The figure determined by four lines, no three of which are concurrent, and their six points of intersection (Johnson 1929, pp. 61-62). Note that this figure
is different from a complete quadrangle. A
complete quadrilateral has three diagonals (compared to two for an ordinary quadrilateral).
The midpoints of the diagonals of a complete quadrilateral
are collinear on a line (Johnson 1929, pp. 152-153).

A theorem due to Steiner (Mention 1862ab, Johnson 1929, Steiner 1971) states that in a complete quadrilateral, the bisectors of angles are concurrent
at 16 points which are the incenters and excenters of
the four triangles. Furthermore, these points are the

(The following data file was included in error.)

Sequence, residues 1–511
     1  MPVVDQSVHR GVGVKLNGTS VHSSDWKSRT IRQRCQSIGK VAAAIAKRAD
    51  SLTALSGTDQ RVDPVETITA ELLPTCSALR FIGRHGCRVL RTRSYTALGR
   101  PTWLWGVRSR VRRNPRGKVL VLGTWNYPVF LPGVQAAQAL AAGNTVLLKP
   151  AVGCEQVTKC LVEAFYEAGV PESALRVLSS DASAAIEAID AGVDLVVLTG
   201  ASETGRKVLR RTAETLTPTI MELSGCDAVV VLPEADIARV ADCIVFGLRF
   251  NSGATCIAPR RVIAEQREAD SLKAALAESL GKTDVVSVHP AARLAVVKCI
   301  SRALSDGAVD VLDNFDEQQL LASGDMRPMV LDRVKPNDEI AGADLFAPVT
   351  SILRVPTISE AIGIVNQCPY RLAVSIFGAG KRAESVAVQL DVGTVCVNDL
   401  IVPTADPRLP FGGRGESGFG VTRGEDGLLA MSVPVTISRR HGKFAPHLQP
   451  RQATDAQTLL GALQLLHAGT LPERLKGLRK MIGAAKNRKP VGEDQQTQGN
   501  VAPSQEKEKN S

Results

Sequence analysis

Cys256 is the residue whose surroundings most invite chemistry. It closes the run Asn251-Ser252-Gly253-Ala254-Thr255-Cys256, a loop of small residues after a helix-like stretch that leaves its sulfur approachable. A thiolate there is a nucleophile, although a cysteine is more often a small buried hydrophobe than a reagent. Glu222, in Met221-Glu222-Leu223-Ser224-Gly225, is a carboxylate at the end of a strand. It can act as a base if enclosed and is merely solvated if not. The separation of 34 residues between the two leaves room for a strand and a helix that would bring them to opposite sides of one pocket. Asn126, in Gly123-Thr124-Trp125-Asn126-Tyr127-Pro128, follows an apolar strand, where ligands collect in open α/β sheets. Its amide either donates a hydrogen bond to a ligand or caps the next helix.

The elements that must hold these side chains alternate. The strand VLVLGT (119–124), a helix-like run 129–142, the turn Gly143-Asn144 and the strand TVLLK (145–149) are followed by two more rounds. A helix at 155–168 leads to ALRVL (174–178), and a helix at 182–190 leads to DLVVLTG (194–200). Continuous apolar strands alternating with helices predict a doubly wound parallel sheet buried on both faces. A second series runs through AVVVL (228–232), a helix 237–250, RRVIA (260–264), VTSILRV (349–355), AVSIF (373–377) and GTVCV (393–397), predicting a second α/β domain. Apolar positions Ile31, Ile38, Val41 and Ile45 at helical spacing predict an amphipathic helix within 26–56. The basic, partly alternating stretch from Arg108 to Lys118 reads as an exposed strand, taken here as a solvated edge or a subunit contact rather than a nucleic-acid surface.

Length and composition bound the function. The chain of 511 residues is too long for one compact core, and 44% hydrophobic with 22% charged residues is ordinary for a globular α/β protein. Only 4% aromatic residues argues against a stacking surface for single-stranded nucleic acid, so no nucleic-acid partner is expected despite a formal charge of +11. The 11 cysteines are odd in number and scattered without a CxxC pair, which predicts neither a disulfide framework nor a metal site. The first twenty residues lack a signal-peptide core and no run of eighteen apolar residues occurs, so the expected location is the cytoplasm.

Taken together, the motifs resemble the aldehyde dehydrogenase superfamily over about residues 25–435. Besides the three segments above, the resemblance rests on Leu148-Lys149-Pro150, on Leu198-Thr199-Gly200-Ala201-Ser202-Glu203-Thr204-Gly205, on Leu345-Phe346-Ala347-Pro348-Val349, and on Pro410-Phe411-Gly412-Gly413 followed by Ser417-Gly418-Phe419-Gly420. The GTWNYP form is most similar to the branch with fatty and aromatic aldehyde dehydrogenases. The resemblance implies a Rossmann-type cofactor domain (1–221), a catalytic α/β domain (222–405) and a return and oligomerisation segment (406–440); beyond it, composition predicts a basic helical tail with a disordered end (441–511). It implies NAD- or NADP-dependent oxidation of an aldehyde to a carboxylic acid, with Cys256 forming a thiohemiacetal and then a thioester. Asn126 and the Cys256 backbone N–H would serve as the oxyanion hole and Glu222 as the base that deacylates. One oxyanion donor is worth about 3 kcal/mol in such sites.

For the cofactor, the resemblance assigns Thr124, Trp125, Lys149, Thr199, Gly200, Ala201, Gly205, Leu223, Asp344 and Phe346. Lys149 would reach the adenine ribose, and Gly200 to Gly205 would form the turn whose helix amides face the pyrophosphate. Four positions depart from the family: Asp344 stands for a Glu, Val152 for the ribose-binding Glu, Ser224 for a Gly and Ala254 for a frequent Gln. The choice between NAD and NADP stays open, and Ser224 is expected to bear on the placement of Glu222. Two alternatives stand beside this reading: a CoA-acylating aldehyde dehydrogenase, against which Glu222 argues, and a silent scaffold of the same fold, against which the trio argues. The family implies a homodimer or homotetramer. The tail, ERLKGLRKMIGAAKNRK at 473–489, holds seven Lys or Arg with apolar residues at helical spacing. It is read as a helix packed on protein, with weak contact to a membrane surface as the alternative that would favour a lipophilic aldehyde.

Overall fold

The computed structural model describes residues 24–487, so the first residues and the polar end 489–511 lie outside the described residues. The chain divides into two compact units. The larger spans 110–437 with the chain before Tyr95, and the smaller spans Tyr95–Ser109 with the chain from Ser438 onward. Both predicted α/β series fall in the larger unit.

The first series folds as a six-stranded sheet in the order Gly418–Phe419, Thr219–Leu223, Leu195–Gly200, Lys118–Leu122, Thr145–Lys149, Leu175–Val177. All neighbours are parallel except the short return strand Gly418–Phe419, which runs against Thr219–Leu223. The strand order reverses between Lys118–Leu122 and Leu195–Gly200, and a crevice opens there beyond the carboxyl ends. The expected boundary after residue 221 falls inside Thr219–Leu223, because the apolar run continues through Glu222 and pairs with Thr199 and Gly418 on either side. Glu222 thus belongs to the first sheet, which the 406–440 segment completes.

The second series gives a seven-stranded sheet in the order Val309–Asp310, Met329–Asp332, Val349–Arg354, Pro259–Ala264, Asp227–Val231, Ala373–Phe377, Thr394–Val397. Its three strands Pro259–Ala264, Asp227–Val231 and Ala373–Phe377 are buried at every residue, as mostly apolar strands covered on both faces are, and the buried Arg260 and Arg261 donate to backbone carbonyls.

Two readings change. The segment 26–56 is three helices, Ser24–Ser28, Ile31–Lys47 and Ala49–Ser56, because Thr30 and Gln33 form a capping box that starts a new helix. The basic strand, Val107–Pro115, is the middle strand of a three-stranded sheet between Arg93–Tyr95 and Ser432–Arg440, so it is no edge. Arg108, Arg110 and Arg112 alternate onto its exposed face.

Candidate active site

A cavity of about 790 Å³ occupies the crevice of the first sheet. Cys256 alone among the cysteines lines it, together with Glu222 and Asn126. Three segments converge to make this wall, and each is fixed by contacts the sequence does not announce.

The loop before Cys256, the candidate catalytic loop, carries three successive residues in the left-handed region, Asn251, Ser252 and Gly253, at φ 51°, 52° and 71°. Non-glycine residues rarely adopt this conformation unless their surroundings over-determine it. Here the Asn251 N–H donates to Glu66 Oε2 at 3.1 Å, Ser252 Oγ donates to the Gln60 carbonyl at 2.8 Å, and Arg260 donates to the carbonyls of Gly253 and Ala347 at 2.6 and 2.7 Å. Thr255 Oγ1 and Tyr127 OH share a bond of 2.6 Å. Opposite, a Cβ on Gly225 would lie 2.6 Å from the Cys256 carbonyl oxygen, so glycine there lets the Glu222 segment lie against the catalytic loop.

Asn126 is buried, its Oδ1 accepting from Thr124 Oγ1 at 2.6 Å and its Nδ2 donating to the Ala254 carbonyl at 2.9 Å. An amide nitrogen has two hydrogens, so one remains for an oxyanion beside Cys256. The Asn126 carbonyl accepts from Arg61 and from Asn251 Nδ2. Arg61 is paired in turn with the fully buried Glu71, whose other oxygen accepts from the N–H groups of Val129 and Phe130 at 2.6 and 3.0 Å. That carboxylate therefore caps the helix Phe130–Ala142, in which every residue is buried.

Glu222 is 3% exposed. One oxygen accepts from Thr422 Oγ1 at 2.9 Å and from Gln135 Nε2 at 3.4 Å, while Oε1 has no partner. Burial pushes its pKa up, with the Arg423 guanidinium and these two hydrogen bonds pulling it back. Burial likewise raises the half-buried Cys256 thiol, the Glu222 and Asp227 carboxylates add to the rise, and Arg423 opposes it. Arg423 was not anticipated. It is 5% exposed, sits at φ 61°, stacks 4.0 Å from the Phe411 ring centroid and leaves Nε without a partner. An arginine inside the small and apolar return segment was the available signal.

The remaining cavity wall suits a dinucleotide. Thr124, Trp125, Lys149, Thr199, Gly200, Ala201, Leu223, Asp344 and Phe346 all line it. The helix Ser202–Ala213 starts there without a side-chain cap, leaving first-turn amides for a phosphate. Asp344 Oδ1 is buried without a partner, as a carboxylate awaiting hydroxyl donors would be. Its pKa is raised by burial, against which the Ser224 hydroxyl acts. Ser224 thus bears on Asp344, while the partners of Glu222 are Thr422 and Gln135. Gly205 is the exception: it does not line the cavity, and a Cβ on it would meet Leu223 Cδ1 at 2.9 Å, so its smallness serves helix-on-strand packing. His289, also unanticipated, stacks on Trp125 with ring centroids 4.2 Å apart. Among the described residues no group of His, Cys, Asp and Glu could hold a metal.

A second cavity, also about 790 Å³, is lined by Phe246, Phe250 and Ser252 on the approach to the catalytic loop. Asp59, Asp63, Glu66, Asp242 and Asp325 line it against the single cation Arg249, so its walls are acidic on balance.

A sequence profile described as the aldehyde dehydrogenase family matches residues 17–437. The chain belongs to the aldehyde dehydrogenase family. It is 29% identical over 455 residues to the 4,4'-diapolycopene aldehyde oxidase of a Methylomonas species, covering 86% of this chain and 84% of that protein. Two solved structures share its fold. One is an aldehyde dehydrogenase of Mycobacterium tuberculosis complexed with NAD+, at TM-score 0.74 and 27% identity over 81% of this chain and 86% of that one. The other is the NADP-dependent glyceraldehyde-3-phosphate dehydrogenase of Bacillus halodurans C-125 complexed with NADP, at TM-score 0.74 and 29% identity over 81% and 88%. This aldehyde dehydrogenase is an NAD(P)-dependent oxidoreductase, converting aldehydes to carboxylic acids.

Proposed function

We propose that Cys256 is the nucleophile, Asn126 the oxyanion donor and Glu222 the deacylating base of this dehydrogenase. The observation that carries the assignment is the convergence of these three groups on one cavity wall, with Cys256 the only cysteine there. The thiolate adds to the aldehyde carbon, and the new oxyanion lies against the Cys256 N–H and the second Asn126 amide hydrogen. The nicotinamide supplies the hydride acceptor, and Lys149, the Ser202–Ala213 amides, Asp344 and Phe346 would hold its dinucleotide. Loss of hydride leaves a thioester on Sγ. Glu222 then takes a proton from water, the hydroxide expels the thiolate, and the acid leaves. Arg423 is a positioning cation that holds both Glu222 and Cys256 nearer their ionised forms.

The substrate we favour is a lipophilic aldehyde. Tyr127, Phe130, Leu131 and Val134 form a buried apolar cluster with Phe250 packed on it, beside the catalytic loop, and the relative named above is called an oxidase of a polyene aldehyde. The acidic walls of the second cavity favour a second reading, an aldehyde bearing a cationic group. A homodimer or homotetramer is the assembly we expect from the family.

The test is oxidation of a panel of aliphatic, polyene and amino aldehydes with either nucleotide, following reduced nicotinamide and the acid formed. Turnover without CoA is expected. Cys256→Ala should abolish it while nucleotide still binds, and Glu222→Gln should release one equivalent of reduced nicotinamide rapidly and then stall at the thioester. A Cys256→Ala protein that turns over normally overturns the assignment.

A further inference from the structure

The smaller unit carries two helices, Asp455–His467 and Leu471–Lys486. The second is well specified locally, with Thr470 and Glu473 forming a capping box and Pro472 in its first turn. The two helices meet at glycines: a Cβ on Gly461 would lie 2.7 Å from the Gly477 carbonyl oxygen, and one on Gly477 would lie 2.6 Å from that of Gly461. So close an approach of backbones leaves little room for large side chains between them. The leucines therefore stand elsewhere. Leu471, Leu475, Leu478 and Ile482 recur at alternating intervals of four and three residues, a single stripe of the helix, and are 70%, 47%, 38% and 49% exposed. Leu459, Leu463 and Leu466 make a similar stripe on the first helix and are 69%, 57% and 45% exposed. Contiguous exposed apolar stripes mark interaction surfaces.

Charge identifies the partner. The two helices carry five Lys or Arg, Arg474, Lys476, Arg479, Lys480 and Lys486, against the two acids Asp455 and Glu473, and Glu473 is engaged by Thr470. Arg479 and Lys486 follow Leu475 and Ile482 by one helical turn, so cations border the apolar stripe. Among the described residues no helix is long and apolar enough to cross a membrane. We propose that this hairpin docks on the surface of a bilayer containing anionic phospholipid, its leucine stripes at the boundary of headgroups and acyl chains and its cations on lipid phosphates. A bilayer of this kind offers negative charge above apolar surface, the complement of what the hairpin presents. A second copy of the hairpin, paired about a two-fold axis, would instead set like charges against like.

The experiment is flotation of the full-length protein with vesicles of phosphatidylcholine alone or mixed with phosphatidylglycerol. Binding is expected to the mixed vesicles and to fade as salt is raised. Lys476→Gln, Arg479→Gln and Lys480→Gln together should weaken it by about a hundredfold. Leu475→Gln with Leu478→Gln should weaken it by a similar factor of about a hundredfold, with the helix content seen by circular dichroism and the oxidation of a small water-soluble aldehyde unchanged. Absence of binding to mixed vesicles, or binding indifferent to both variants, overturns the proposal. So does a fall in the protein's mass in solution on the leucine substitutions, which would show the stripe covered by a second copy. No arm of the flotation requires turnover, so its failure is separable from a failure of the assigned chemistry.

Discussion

intersections of two sets of four circles each of which
is a member of a conjugate coaxal system. The axes of these systems intersect
at the point common to the circumcircles of the
quadrilateral.

Newton proved that, if a conic section is inscribed in a complete quadrilateral, then its center lies on (Wells 1991). In addition, the orthocenters
of the four triangles formed by a complete quadrilateral lie on a line which is perpendicular
to .
Plücker proved that the circles having the three diagonals as diameters have
two common points which lie on the line joining the four triangles' orthocenters
(Wells 1991).